Category Archives: Food & Spirituality


This week is the final week of the 2017 Feast•Pray•Love art prize and exhibition hosted by the Collins Street Baptist Church. It’s an exhibition that invites artists to explore the deeper meanings evident in our life at the table.

Now in its fifth year, the exhibition is one I feel especially connected to, not only because it arises out of my own church community, but because it adds a poetic and creative depth to the broader conversation on the role of food in our lives.

Coinciding with the annual Melbourne Food and Wine Festival, one of the most significant of its kind in our region of the world, this exhibition invites the community into a more reflective space. There is much going on in our eating and drinking, so much that taps into our spiritual longings, our stories and our most formative relationships.

All the details of this year’s exhibition can be found at the exhibition’s website:

[Image: ‘Mythical Lands’ by Wendy Grace]


M.F.K. Fisher on bread & betrayal

“There is a communion of more than our bodies when bread is broken and wine drunk. It’s like religion. If you have a glass of water and a crust of bread with someone and you really share it, it is much more than just bread and water. I really believe that. Breaking bread is a simile for sharing bread … you cannot swallow if you are angry or hateful. You choke a bit … it’s all very betraying, how we eat.”

MFK Fisher, The Gastronomical Me, North Point Press, 1989.

Muto on piecrust & living

“Is it possible that there could be an analogy between spiritual living and making piecrust? At times it comes out flaky and baked to perfection; at other times it is too tough, too loaded with shortening to digest, or simply too overcooked. ‘Don’t try too hard to make it happen,’ Mother reminded me. Learn to let go, to let be, and to live lightly.”

Susan Muto, Table of Plenty: Good Food for Body and Spirit, Francisan Media, 2014, 69.

Gastronomy and Spirituality

coverI made a small contribution to the latest issue of TARGET, the journal of TEARAustralia. It’s an issue dedicated to food as an expression of faith, culture and hospitality.

There are some terrific articles on the links between food, poverty and justice, an interview with Kate Bracks, Australia’s MasterChef of 2011, and some wonderful food stories from all corners of the world. It’s worth a look.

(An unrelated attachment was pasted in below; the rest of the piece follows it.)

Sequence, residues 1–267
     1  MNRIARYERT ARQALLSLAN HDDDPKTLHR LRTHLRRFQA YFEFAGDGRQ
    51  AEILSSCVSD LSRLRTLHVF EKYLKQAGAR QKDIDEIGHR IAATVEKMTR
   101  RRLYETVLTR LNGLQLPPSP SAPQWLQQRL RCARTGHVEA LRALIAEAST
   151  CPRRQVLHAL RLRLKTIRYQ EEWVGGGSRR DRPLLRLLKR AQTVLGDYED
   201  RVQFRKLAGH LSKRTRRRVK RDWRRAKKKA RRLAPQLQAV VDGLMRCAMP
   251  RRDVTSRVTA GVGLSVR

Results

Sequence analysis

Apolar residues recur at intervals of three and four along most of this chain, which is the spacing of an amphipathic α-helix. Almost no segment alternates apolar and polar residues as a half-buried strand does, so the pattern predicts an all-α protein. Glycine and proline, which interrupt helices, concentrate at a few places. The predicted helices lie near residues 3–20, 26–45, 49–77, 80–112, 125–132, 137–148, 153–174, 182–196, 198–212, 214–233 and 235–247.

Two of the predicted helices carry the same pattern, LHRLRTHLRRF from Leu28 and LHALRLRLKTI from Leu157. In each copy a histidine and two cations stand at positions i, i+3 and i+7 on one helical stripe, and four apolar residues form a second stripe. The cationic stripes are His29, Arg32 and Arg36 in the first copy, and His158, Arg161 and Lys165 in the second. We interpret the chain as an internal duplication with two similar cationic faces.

Here’s a link to my piece. It’s not a long read. Just click on the title page below.

title page

Feast•Pray•Love Art Exhibition

Next week, here in my home city of Melbourne, is the opening of the annual art prize and exhibition Feast•Pray•Love, initiated and hosted by the church I serve as pastor. It’s an exhibition that invites artists to explore the deeper meanings evident in the sharing of food.

The exhibition, now in its third year, is one I feel especially connected to, not only because it arises out of my own faith community, but because it adds a poetic and creative depth to the broader conversation on the importance of food in our lives. And that’s a conversation I’m invested in.

The exhibition is made all the more significant by the fact that it coincides, intentionally, with the annual Melbourne Food and Wine Festival. Now in its 20th year, the festival is one of the most significant of its kind in our region of the world and is a wonderful celebration of the rich culinary heritage of our city and state. The fact that we can highlight food’s connection with the deeper longings of spirituality is one of the gifts we have to give.

This year the exhibition has attracted more than 45 works from around Australia. All the details of the opening, the awarding of prizes and the gallery opening hours can be found at the exhibition’s website:

[Image: ‘Carry Us’ by Rachel Peters from the 2014 exhibition]

Eating, Tables and Deeper Things

This blog is mostly about food. About Eating. As the subtitle says, it’s about ‘the food we eat and the tables we share.’ It’s recipes and words, reflections and quotes, suggestions for reading and good places to eat. But underneath it all is a deep sense that the business of eating is about far more than good taste.